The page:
We knew that someday we’d visit the Galapagos Islands, off the coast of Ecuador, and knew just how we’d do it. A trip-of-a-lifetime deserved the best. Years ago we pored over the photos in the National Geographic and Lindblad Expeditions catalogue, chose our room (the least expensive), and took note of the price. Years later, the time had come to plan our trip in earnest. That’s when we learned something new: how to plan a trip to the Galapagos Islands.
Maybe it was lucky that, when we looked up the cost for the April 2016 Natiional Geographic and Lindblad expedition to the Galapagos Islands, “sticker shock” whacked us with a price tag starting at $6,990 per person. Maybe it was lucky that friends recommended another boat and that, during our annual medical checkups, our doctor -knowing we travel – handed us a printout showcasing her wonderful trip to the Galapagos she’d just taken with another company. All the signs were there: we needed to look into other more affordable options.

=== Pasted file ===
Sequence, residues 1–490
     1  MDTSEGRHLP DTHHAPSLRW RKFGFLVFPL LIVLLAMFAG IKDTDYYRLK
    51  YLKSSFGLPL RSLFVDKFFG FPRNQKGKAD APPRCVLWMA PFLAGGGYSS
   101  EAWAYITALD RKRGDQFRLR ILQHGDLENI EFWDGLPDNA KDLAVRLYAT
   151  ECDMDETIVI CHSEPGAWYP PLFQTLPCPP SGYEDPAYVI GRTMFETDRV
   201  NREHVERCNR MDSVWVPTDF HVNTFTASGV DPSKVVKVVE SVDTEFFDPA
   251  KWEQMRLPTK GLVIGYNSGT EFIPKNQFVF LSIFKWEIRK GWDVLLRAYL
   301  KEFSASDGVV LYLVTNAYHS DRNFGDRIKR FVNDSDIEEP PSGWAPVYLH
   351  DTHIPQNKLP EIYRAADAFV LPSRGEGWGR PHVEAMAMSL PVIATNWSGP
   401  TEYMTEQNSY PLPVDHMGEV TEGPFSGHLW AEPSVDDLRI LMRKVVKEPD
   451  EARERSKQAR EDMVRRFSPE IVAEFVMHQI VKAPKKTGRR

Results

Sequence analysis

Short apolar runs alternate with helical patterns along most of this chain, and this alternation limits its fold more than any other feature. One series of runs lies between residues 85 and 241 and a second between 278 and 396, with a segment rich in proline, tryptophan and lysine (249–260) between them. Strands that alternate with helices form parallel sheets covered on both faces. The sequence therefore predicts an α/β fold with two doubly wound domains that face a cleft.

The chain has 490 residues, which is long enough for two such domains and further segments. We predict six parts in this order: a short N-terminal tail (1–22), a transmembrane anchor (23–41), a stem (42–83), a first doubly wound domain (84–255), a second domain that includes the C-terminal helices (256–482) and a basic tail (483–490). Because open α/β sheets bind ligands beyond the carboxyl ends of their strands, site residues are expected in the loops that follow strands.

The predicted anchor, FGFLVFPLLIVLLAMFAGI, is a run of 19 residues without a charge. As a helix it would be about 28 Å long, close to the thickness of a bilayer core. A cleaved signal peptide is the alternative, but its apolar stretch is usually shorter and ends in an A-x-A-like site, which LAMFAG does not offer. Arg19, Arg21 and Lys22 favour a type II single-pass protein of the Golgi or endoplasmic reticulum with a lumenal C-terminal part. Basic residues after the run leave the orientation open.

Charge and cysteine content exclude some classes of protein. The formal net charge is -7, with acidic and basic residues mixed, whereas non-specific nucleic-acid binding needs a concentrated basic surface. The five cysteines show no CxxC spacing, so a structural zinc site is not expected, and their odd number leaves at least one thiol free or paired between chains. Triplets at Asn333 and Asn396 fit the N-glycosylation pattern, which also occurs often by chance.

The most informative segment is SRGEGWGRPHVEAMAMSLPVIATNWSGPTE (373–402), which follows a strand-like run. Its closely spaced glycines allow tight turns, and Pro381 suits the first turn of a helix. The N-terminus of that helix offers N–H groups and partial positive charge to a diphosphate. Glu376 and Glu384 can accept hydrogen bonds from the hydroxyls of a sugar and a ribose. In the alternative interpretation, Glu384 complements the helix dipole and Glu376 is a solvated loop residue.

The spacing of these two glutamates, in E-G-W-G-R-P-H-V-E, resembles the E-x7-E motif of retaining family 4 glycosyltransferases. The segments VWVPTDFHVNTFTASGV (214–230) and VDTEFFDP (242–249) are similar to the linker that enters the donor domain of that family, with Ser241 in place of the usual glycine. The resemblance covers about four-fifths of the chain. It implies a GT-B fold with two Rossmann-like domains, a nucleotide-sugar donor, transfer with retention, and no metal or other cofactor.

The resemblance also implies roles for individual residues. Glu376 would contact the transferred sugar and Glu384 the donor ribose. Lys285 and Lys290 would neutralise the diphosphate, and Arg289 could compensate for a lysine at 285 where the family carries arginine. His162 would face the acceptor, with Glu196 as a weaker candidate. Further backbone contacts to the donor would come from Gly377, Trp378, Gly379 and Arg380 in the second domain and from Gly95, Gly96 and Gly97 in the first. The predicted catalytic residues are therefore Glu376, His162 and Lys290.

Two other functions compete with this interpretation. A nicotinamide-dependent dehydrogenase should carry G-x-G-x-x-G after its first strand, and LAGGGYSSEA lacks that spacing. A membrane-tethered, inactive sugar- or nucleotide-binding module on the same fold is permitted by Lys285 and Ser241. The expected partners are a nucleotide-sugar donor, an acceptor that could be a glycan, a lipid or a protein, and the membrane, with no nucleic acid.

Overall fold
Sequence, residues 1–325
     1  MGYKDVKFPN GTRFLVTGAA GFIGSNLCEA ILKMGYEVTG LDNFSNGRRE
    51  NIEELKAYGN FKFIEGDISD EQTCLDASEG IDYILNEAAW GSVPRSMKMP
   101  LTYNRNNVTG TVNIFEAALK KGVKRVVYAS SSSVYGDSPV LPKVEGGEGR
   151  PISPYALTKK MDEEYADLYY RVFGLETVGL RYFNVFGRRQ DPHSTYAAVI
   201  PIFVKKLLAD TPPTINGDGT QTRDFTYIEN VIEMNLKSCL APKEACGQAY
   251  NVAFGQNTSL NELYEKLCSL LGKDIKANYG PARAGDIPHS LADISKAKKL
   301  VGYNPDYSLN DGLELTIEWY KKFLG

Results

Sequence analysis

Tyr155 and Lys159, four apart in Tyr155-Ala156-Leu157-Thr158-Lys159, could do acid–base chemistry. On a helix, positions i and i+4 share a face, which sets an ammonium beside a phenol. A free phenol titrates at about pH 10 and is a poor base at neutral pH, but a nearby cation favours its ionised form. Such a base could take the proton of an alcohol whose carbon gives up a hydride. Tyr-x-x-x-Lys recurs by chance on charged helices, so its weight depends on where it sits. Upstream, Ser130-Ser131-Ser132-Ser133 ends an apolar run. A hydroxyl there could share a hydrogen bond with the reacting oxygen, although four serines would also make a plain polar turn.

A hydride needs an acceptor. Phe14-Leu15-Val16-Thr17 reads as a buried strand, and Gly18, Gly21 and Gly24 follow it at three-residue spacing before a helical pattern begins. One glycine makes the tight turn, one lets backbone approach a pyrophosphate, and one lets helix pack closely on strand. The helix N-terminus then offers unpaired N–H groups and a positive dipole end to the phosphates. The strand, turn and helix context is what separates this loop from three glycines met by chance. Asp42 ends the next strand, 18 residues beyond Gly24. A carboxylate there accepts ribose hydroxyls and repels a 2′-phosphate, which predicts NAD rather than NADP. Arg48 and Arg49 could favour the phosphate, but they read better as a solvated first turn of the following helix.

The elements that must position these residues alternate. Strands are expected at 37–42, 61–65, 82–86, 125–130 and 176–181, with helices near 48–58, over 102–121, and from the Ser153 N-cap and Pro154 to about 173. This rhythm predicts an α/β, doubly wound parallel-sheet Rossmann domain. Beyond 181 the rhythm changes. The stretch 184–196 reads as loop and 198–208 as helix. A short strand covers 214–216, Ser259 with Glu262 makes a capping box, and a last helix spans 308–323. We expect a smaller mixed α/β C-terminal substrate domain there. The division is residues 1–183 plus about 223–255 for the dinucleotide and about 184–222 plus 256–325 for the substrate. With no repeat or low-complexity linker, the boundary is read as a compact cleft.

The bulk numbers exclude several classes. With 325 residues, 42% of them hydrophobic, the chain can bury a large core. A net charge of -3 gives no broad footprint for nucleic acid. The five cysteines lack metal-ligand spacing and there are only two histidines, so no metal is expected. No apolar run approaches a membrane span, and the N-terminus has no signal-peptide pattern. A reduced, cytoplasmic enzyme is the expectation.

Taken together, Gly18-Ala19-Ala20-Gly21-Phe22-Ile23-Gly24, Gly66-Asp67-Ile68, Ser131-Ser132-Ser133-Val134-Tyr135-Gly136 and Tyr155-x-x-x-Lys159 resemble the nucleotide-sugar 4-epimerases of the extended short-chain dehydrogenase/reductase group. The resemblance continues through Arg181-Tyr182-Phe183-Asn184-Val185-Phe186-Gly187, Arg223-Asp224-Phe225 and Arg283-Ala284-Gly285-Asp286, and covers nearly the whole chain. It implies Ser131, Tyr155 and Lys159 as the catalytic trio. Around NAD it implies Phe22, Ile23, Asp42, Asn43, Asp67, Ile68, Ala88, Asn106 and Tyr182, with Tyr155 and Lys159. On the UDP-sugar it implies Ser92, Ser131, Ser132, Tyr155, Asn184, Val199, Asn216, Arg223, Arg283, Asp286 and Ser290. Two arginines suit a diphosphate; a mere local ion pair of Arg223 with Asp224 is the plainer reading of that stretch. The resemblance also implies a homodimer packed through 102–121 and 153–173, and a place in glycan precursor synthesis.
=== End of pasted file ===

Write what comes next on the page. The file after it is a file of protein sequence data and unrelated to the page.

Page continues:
At the beginning our research wasn’t focused, looking at 30 boats, skipping from cost to how the interior of the boat was configured and decorated. Stop already! We realized this was a ridiculous way to plan a trip to the Galapagos. Clearly, we needed to focus on the important first decision: what did WE want to see? Only then could we find the best operator for OUR choices.
We discovered the amazing online resource, “The Galápagos Islands, 2009 & 2013”. We pored over all the information to narrow the choices down: an 8-day cruise to include the islands of Isabela and Fernandina, (newer, wild, volcanic islands with flightless cormorant and Galápagos fur seals) as well as Genovesa (breeding colonies of great frigatebirds and all three species of boobies (Nazca, blue-footed, red-footed).
With 7 tour boat finalists at this point, we mapped out their itineraries and a clear winner emerged for our trip: Ecoventura. We’ll be able to visit all 3 islands we chose plus 4 more. Ecoventura stops at Punta Vicente Roca, one of the best snorkeling beaches and where the wildlife is supposed to be terrific. It goes to the rarely visited island of Rabida with interesting rare birds. Another stop is the Santa Cruz Highlands where the Giant Tortoises roam free.
The cost of $4,300 is considerably below National Geographic and Lindblad’s fare. Will the guides be as good and will the educational aspects of the trip keep us happy? We’ll see.
It took a lot of reading and planning to make our decision. The process taught us an important lesson in trip planning: be clear what you want and only then can you find the place, the tour operator, the way for it to all happen.